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Woman with osteoporosis exercising


What is osteoporosis?

Osteoporosis is a condition in which bones lose their strength and are more likely to break, usually following a minor bump or fall (fragility fractures). Although such fractures may happen in various parts of the body, the wrists, hips and spine are the most commonly affected sites and can significantly contribute to the loss of independence and the development of frailty in older people. NICE has developed a guideline for assessing the risk of fragility fractures (2017). 

Who is affected by osteoporosis?

Women are more susceptible to osteoporosis because bone loss becomes more rapid for several years after the menopause, when sex hormone levels decrease. However, one in five men also break a bone after the age of 50 years because of low bone strength. Believing this to be a 'women’s condition', men with osteoporosis tell us that this belief can sometimes make it more difficult to come to terms with the condition and to seek help and support. 

The chart below shows the 'normal' pattern of change in bone mass during a lifetime.

Osteoporosis bone mass chart 


The term osteoporosis is used to describe low bone density as measured on a bone density (Dual energy X-ray absorptiometry (DXA) scan and compared to the young healthy adult average. This means bones may have lost strength.

In practice, osteoporosis may also be diagnosed when someone, usually post menopause or in later life, has non traumatic spinal fractures with no underlying pathology in association with other risk factors. Risk factors include non-modifiable factors such as old age, female gender, low body weight and others which may be modifiable such as  immobility, excessive alcohol smoking  and falls risk. Medications such as glucocorticoids and some breast cancer and prostate cancer treatments and other medical conditions such as rheumatoid arthritis also increase fracture risk. See: all NICE guidance, advice and quality standards on osteoporosis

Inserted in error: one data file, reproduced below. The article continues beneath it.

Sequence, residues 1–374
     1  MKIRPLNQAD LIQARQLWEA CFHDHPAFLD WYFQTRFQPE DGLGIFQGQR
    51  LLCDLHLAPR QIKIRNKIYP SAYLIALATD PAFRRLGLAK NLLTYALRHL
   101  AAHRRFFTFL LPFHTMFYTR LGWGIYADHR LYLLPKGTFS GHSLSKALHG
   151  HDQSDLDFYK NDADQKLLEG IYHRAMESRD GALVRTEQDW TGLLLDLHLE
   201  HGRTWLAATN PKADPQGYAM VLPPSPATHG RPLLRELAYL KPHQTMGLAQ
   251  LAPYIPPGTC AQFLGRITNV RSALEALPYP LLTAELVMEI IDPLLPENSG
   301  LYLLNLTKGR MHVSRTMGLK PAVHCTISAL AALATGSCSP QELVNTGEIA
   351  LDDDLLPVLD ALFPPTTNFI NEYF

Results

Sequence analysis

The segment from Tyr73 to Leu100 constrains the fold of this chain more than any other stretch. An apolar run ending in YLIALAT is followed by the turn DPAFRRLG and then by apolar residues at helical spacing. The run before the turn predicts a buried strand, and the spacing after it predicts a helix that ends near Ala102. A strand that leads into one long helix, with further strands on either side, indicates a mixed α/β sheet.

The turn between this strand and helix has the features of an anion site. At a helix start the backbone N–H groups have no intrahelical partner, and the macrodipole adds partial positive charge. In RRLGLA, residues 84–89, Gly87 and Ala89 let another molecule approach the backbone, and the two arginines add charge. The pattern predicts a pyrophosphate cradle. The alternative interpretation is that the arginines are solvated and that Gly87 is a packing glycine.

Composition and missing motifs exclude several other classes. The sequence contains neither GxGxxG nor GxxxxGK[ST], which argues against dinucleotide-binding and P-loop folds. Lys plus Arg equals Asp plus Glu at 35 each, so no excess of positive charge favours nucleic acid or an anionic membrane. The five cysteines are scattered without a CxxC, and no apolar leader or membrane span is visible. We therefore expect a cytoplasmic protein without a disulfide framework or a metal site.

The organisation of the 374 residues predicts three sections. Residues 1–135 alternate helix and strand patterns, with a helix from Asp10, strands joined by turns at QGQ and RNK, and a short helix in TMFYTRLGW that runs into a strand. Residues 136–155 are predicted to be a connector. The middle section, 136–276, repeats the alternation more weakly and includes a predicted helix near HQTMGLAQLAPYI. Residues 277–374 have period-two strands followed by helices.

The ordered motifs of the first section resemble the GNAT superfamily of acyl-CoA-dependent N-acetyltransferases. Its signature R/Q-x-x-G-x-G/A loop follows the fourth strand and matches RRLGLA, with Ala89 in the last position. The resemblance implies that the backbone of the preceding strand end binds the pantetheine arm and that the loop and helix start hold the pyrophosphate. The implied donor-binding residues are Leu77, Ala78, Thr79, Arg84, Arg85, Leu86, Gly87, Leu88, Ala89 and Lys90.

Osteoporosis drug treatments are prescribed for adults where there is a high risk of fragility fractures. Guidance from UK experts has been developed to support their use in accordance with NICE guidance, (NOGG 2021). Guidance is also available from NHS Scotland (SIGN 2021).

Adopting a healthy, active lifestyle and minimising known risk factors can help people to look after bones and maintain bone strength. The Royal Osteoporosis Society in partnership with clinical experts, have developed guidance on exercise and osteoporosis and nutrition for bones, including calcium.

Rare types of osteoporosis

  • Idiopathic juvenile osteoporosis is a rare condition in which broken bones occur in children following minor levels of trauma, without an apparent underlying problem. 
  • Pregnancy associated osteoporosis is a rare condition when bones break easily, usually in the spine, or occasionally the hip, around the time a woman is giving birth, causing pain and disability. They may also occur 8-12 weeks following delivery. Maternal age is not a risk factor and although more common in first pregnancies, it can sometimes occur in subsequent pregnancies after a normal first pregnancy. It is unclear why this happens. Broken bones heal in the normal way and usually women recover fully. However, when bones break it can be frightening and confusing for the women affected, and their families.
  • Complex Regional Pain Syndrome (CRPS) and Transient Migratory Osteoporosis are related bone conditions which may sound similar to osteoporosis, or share causes, symptoms or treatment options. 

Vitamin D